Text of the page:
Repetitive finger tapping can sometimes help to release negative emotions such as anxiety. It has been called a psychological version of acupuncture in that it involves making contact with a number of acupuncture points.

Whilst focusing on your negative emotion, you tap on a ‘meridian’ point (the eyebrow, side of the eye, under eye, under nose, chin, collarbone, under the arm and top of the head) three to seven times, repeating your negative thought in your head. After each emotion, take a deep breath and exhale.

Exercise as much as you can

Exercise is a brilliant way to help to relieve stress, so incorporating it into your daily routine, 2–3 times a week, can be a quick way of improving your mental health at work. Try running, going to the gym or something like yoga. It takes you away from the daily grind and allows you to focus solely on your health and wellbeing. Even going for a brisk walk during your lunch hour, if you’re able to, can work wonders for your mental health, motivation and wellbeing.

Eat healthily

The importance of a healthy diet on our  physical and mental health can’t be underestimated. Try to avoid comfort eating and instead choose food that increases your energy and gives you sustainable nutrients to get you through the day.

Seek professional help

If things are getting too much and you aren’t getting the support you need at work, know that professional help is available. You can speak to your GP, call a support line or contact Priory directly for world-class private mental healthcare.

There are many effective treatments for stress, anxiety and depression that will enable you to learn ways of coping with mental health issues and allow you to manage your working life in the long-term. Remember, seeking professional help is not a sign of weakness. By seeking help, you are displaying strength, and taking the vital first step to turning your life around.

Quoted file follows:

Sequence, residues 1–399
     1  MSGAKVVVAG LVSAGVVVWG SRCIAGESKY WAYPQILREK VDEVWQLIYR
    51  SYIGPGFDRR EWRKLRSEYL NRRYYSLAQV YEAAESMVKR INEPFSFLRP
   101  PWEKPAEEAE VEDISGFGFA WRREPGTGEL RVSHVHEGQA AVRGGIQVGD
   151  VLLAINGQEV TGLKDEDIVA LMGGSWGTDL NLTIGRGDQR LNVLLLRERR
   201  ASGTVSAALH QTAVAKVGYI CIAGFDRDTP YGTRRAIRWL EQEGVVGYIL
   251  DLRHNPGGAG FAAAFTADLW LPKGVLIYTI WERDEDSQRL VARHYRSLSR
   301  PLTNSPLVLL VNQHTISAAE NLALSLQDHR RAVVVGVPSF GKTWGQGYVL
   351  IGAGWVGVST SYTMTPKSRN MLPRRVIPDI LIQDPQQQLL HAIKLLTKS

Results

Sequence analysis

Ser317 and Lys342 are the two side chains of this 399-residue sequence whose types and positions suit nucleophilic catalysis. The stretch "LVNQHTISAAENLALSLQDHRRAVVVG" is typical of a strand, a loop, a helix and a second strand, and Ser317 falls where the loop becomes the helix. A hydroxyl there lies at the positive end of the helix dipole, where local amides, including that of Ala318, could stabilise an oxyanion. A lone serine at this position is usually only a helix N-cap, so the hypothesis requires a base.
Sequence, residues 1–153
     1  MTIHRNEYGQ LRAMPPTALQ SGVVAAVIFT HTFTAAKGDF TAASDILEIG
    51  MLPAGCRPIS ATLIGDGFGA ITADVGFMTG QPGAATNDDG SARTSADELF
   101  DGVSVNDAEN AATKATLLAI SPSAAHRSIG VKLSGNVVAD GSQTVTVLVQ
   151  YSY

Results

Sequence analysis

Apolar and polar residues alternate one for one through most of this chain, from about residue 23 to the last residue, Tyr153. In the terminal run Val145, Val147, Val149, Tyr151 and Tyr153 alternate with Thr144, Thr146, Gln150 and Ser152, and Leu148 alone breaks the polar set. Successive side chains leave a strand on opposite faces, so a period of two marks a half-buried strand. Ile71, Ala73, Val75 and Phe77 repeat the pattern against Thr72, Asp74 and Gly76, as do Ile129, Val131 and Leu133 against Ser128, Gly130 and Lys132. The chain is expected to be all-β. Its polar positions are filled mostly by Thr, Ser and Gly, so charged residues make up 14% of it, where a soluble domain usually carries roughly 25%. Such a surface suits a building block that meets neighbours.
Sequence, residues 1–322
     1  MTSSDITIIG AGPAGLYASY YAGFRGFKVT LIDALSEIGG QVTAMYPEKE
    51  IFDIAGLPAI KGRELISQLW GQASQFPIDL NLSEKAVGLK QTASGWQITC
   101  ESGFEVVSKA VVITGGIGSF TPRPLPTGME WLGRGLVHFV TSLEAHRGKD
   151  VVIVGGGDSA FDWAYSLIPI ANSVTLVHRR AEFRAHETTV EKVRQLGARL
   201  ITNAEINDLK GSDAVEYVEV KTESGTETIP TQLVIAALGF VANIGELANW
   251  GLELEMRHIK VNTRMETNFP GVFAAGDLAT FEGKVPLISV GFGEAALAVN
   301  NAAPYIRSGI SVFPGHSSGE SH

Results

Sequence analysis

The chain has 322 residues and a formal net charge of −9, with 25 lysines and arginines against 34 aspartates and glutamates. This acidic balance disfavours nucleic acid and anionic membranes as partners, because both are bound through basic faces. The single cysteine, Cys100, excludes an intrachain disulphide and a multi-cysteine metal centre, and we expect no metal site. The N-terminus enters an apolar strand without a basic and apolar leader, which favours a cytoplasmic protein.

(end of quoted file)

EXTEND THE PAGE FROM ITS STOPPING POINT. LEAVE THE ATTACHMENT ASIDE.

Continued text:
How Employers can Support Employee Mental Health

Employees can adapt their own behaviours to try and make work less stressful and damaging to their mental health, but employers have an even more important role to play. A positive workplace culture and working environment come from the very top.

It’s in the best interests of businesses to invest in positive employee mental health; not only does it reduce absenteeism and staff turnover, it even improves day-to-day productivity. In fact, research from Deloitte shows that for every £1 spent by employers on mental health interventions, they get £5 back in reduced absence, presentism and staff turnover.

Here are a few pointers for managers and employers:

Keep up communication

Keep in regular, if not daily, contact with your employees, and be honest and authentic in your communication. You might want to consider sending out daily bulletins via emails and ensure two-way communication so that employees can feel heard – especially if people are regularly working from home.

People don’t like to be left in the dark. It can lead to confusion over their role and responsibilities and can make them feel isolated or forgotten across the business. It’s important keep checking in with people to get their ideas, feedback and  insights regarding their job and the general workplace, as well as how they’re holding up personally.

Dr Paul McLaren, Consultant Psychiatrist at Priory Hospital Ticehurst House, on communicating with staff: